This week, many who support the reconciliation process were disappointed that Vancity's only Indigenous director, Khelsilem, was not reelected to the board.
The elected councillor with the Squamish Nation came fifth in a race for four spots.
It's worth noting that the board of directors recommended him along with four other candidates in the 12-person race.
The outcome of the Vancity election made me wonder if the results might have been different if Vancouverites had a greater appreciation for the Indigenous history of this region.
When Gregor Robertson was mayor of Vancouver from 2010 to 2018, the City of Vancouver took the first serious steps toward reflecting this, perhaps most notably with two well-attended walks for reconciliation.
The giant open space on the north side of the Vancouver Art Gallery was named šxʷƛ̓ənəq Xwtl’e7énḵ Square. The gathering place outside the Queen Elizabeth Theatre was named šxʷƛ̓exən Xwtl’a7shn Square. (To learn how to pronounce these names, go here.)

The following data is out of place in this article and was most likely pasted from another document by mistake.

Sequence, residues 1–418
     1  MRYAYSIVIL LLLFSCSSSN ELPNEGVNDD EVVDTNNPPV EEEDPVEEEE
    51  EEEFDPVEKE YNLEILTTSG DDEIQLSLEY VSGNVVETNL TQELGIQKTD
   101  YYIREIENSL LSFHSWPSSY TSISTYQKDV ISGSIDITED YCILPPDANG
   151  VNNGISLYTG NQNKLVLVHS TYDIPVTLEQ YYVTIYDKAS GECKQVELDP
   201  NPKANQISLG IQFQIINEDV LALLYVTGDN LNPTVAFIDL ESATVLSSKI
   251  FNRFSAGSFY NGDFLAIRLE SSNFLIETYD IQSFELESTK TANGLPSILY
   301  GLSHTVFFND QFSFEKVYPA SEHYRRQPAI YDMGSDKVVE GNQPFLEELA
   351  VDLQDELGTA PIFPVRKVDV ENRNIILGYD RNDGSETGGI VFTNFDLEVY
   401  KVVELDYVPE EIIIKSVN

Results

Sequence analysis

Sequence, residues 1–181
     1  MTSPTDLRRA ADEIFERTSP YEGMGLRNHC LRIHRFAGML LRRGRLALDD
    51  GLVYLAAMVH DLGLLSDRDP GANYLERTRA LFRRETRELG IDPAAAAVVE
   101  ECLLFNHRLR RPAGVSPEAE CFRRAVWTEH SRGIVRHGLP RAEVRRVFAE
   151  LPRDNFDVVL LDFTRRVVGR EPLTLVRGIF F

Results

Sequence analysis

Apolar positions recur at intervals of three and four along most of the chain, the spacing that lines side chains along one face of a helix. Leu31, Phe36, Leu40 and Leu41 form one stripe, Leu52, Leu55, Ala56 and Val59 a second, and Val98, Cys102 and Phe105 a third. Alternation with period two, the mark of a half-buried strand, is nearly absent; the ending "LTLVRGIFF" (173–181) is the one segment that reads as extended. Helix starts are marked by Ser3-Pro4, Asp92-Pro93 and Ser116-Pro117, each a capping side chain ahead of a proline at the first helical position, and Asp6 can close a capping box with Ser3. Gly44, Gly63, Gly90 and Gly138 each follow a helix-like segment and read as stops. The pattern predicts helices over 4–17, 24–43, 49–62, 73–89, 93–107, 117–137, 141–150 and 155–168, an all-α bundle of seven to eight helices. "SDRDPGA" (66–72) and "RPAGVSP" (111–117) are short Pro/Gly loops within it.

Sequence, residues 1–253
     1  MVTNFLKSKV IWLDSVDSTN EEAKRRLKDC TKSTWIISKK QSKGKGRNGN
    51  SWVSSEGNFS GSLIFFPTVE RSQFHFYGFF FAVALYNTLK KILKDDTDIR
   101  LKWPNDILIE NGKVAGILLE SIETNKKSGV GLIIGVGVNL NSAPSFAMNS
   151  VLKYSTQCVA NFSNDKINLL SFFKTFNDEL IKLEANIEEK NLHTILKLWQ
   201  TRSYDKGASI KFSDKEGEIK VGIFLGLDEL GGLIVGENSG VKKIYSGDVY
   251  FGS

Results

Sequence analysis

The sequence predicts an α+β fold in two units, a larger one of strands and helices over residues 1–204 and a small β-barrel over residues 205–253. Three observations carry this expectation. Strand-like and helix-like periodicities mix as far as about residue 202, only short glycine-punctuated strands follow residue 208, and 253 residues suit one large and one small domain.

But that process seems to have stalled somewhat since voters defeated all the Vision Vancouver candidates in the 2018 election.
To draw attention to this, I filmed a short video at Spanish Banks in Vancouver in this week's episode of Georgia Straight Talks.
In the waters off this beach on the West Side, the local Indigenous people came in contact with the first European visitors.
And guess what? They weren't British. They were Spaniards.
The video above was edited by Lucas Renzo Giovannetti, director of video and animation properties with the Straight's parent company, Media Central Corporation.